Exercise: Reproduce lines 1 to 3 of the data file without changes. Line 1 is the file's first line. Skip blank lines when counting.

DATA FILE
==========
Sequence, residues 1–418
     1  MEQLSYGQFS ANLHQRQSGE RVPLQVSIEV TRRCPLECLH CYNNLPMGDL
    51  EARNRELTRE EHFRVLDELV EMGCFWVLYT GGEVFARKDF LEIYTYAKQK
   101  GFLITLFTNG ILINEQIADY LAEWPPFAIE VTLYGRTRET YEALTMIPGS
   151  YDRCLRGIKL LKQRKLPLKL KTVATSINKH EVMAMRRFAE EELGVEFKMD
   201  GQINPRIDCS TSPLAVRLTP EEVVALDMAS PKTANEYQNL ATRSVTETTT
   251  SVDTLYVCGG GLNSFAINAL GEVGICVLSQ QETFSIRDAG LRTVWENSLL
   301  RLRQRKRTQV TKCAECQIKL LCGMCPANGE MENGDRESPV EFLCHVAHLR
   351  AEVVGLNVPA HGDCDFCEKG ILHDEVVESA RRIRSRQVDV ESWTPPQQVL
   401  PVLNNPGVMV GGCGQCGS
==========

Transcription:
Sequence, residues 1–418
     1  MEQLSYGQFS ANLHQRQSGE RVPLQVSIEV TRRCPLECLH CYNNLPMGDL
    51  EARNRELTRE EHFRVLDELV EMGCFWVLYT GGEVFARKDF LEIYTYAKQK